04 June 2006

The power of prayer

Sunday Life

Ex-UVF man's speaks of his hopes for peace and of the time he shared a stage with Sinn Fein delegates

By Karen Ireland
04 June 2006

AN EX-UVF terrorist - who once stood on the platform at a Sinn Fein annual conference - spoke last night of his hopes of seeing Protestants and Catholics united at a prayer service at Stormont today.

David 'Packie' Hamilton - who served 11 years for terrorist offences - told Sunday Life: "As a known, leading loyalist terrorist, who once found himself in the middle of a republican Ard Fheis, I know how powerful prayer can be and how it can unite people."

Up to 17,000 people are expected to converge on the Stormont Estate in Belfast today for the Global Day of Prayer.

Hamilton (50) - now minister of his own church in Stockport, outside Manchester - recalled the moment, several years after his release from jail, when he came face-to-face with republican prisoners from his H-Block past.

He said: "I was at a prayer meeting in Dublin when I looked out the window and saw loads of cars and people approaching the building we were in.

"I couldn't believe it when I spotted Gerry Adams and Martin McGuinness arriving.

"As I watched the comings-and-goings, I recognised several leading paramilitary men who had been in prison at the same time as me and I was petrified.

"I thought, 'If these IRA men saw me, they would kill me'. Imagine me, a Prod and former UVF man in the middle of them at their conference in Dublin!"

Added Hamilton: "I panicked. I did the only thing I knew how to - I prayed and asked God to protect me and keep me safe.

"I walked out of the room we were in and came face-to-face with a one-time commander of the IRA.

"I didn't know what else to do, so I shook his hand and told him I was in the same building praying for their conference and for peace.

"He knew who I was, but extended his hand, too, telling me that, just because I was a Protestant, didn't make me all bad.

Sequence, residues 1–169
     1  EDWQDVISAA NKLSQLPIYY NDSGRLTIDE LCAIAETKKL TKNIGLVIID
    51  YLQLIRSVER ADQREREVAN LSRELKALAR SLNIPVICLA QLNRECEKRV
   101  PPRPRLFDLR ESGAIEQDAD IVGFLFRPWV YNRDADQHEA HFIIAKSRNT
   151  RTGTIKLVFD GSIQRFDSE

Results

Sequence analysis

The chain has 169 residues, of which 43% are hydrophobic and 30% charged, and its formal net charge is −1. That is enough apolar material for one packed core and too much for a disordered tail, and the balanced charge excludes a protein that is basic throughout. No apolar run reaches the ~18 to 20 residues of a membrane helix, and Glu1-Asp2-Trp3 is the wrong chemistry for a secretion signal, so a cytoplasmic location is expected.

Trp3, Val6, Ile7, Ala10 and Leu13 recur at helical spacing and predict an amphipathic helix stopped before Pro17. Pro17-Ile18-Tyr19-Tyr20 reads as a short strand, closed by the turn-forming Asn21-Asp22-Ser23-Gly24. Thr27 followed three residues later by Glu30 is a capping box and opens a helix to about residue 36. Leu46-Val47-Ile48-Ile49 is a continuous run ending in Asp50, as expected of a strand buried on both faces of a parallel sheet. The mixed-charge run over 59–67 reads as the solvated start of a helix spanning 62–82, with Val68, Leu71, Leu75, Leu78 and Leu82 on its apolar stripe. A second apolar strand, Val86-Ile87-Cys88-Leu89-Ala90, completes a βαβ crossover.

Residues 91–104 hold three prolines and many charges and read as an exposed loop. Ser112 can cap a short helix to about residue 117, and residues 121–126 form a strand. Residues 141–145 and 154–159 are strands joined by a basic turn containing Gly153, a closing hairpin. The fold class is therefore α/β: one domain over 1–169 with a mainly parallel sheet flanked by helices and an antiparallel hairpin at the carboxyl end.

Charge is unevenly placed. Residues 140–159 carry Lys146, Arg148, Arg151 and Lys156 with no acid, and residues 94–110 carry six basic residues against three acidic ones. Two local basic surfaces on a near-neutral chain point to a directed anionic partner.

"Then he went in and told Gerry Adams about me being there and the next thing I knew I was on the platform.

"It turns out Gerry Adams and Martin McGuiness knew all about me as they had read about me in a newspaper in the car on the way down to Dublin.

"There was an interview with a former IRA man who I had once given a lift to in my car - he called me 'The Prod who lead him to God.'

"In my mind, God kept me safe that day - just like he had so many other times. I was once shot at three times - the fourth time, when the gun was put to my head, the trigger jammed.

"It was one night in prison, when I started to think about that time and the many others when I should have been killed - or, worse still, killed someone else by my actions - that I started thinking about God for the first time in my life.

"When I was released from prison that time, unlike all the others before, I vowed not to have anything to do with my old connections again and to try to put my life in some sort of order.

"That's what I have been doing for the past 26 years - and I have seen so many changes in Northern Ireland and believe that it's days like this, when people in the province and indeed the world unite, that we will see change."

On leaving jail for the last time, Hamilton studied at Bible College before taking up evangelical ministry roles around the world.

He also married his second wife, Sharon. The couple have three children - Adam (21), Jonathan (18), April Joy (11) and also have grown-up children, Louise (30) and David (29) from previous relationships.

Said Hamilton: "It was difficult at the start - getting used to a new life and people torturing me to re-join gangs. It was stressful for the whole family.

"Sharon lost a baby during a time when there were many attempts on my life. It was after this that we decided to make a fresh start and I took up a post in Wales."

In addition to his ministry work, he has worked with drug-addicts and written a book, A Cause Worth Living For, about his jail conversion.

He is now in the middle of writing a follow-up - A Cause Worth Dying For - which charts his life since prison.

"Do I have regrets about my past life and the things I was involved in? Of course I do.

"I spent years agonising and breaking my heart over what I had done, but finally I just had to work it all through with God and seek his forgiveness.

"You can't let your past hold you back."

• Global Day of Prayer, Stormont Estate, Belfast, 3pm-5.30pm.

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